The solution to the “six degrees” problem

Many people have heard of the famous “six degrees” experiment, in which psychologist Stanley Milgram asked individuals in Boston and Omaha, Neb., were asked to deliver a letter to a target stranger in Boston, using only a chain of acquaintances: You’d pass the letter to someone who might be closer to the target, and they’d pass it on, and so on. Milgram discovered that on average, it took roughly six links to get the letters to their destination.

A cool finding, indeed. But got network scientists wondering: Is there an algorithm that could scan a network and automatically deduce the fastest possible route for a message? If you had, like, 4,000 nodes all loosely and chaotically joined, could one algorithm grok the speediest way to get from any point A to any other point B?

It sounds pretty abstract, but this science has a lot of practical applications. Wifi “mesh” networks, for example — which I wrote about last month — could work much more quickly and efficiently if the mesh “knew” the fastest route for a message to travel. And it might be possible to stop computer viruses and worms in their tracks if one could automatically intuit the fastest route between computers online. So for years, scientists have developed various solutions that map out networks, with varying degrees of success.

Now two researchers at the University of Amherst have published what appears to be the best algorithm yet — and it’s based on human psychology. As they note, our connections in society aren’t random; we tend to know people based on shared charcteristics: Dentists know other dentists, Upper East Siders in Manhattan know other Upper East Siders, sixth graders know sixth graders. And then they point out the observation that Malcolm Gladwell made famous in The Tipping Point: That certain rare people seem to have a lot more connections than other people — “superconnectors”, as Gladwell calls them. So, as a press release on the research notes …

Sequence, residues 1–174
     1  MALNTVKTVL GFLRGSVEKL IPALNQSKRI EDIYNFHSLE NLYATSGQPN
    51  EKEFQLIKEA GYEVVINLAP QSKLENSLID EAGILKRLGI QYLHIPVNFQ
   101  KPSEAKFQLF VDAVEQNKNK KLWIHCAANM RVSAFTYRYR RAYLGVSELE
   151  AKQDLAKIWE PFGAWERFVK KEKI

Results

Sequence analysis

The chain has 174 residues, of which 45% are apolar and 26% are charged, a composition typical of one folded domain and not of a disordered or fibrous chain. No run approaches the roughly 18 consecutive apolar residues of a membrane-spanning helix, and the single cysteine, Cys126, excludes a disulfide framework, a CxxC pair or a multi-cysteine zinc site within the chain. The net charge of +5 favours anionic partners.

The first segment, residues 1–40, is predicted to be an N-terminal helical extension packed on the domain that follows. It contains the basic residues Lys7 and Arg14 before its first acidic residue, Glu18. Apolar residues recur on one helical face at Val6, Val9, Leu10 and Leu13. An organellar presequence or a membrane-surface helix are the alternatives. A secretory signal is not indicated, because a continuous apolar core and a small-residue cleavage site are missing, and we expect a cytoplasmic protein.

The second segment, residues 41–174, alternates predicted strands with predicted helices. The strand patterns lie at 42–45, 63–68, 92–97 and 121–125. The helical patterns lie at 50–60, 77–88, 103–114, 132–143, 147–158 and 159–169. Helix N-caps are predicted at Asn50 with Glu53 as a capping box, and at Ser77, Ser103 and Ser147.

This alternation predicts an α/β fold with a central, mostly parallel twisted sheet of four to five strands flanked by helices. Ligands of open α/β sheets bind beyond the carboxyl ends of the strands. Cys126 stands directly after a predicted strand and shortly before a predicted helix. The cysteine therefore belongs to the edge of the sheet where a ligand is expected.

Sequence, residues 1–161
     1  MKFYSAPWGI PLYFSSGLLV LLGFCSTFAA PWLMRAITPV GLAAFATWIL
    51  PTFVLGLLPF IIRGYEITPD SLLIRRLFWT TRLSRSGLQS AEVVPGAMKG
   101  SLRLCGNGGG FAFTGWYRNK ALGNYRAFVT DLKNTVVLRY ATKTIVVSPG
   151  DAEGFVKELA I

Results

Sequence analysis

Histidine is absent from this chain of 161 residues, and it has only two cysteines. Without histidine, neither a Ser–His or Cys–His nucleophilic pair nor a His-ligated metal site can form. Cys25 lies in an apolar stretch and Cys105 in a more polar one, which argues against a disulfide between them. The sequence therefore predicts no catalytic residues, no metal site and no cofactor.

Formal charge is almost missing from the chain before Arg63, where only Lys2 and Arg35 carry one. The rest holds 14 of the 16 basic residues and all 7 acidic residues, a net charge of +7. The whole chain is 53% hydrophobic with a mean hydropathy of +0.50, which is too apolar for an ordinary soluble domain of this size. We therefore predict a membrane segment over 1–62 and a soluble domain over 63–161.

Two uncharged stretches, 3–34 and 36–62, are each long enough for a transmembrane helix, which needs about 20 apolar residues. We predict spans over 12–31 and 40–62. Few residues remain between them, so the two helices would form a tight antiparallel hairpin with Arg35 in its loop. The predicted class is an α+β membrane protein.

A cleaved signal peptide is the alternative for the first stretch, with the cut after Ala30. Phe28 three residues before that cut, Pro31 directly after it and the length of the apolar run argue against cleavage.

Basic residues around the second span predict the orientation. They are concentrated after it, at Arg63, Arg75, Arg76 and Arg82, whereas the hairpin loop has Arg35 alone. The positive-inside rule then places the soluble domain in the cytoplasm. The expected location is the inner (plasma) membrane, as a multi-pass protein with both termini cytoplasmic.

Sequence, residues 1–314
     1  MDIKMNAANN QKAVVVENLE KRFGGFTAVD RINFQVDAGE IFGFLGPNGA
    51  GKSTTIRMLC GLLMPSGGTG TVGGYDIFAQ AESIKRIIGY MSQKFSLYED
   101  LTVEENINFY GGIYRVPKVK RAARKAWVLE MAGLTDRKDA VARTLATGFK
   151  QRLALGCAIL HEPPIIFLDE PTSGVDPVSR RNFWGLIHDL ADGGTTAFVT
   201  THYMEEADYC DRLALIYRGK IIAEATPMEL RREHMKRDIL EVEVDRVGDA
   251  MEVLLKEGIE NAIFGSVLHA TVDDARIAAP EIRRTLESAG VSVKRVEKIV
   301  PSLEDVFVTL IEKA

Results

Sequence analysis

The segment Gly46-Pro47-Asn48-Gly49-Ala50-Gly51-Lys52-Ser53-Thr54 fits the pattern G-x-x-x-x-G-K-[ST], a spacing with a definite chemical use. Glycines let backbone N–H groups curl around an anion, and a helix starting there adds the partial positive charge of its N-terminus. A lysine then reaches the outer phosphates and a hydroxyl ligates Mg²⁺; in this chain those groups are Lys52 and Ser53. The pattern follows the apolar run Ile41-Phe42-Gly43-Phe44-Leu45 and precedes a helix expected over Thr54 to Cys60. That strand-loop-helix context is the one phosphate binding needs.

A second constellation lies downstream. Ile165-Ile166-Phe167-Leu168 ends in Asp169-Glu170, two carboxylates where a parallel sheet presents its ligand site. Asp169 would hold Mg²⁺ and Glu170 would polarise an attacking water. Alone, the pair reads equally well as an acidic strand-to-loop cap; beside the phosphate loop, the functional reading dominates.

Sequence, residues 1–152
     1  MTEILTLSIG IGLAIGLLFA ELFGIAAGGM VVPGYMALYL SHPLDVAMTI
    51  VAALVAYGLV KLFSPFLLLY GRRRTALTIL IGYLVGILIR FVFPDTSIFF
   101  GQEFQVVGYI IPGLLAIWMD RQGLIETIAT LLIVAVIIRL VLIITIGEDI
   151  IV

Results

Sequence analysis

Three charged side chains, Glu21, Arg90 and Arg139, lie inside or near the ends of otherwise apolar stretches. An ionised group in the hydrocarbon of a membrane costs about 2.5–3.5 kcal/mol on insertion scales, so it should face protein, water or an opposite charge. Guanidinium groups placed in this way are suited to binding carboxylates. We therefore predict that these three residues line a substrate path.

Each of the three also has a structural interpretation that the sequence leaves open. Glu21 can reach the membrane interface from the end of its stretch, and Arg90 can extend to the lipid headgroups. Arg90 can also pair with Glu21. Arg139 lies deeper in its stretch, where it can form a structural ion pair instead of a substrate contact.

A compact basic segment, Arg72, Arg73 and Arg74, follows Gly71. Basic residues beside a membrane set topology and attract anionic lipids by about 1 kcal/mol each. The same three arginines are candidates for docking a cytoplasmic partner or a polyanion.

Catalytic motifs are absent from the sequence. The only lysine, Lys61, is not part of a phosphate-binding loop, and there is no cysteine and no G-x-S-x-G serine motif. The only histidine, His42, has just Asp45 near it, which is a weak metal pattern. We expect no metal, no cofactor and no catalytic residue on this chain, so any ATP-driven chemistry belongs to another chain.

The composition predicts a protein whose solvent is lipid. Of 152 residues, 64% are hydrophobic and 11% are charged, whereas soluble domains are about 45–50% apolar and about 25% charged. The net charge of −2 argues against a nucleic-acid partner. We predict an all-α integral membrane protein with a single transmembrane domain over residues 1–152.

This “degree disparity” leads to some individuals acting as hubs.

Taking these factors into account simultaneously results in a searching algorithm that gets messages to the target by passing it to gregarious individuals who are most like the target.

They called their new algorithm “expected-value navigation”, or EVN. When they tested it against several pre-existing, popular algorithms, it worked better — producing shorter, more efficient pathways. (It’s the top one in the chart above, which is taken from their PDF paper on the subject.)

Here’s the interesting thing, though. Ever since Gladwell’s book, people have assumed that “superconnectors” are crucial to the transmission of messages and information through society. As Gladwell argued, if it weren’t for those ultrapopular, massively gregarious people, memes wouldn’t spread as quickly through mass culture; indeed, hunting down and targetting the ultracool, early-adopting superconnectors of the teen-and-youth world has been the holy grail of marketers for years now. And this study would seem to affirm that superconnectors are the glue that holds social networks together.

But other research suggests they really aren’t so crucial. Duncan Watts, another famous network researcher, has spent years replicating the “six degrees” study by using email — which allows him to carefully study the role of each node in message propagation. His conclusion? Superconnectors may well exist — but they don’t matter. Messages travel through society in a surprisingly democratic fashion, relying most often on “weak” and “intermediate” nodes instead of superconnected ones.

Curious, eh?

(Thanks to for this one!)

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I'm Clive Thompson, the author of Smarter Than You Think: How Technology is Changing Our Minds for the Better (Penguin Press). You can order the book now at Amazon, Barnes and Noble, Powells, Indiebound, or through your local bookstore! I'm also a contributing writer for the New York Times Magazine and a columnist for Wired magazine. Email is here or ping me via the antiquated form of AOL IM (pomeranian99).

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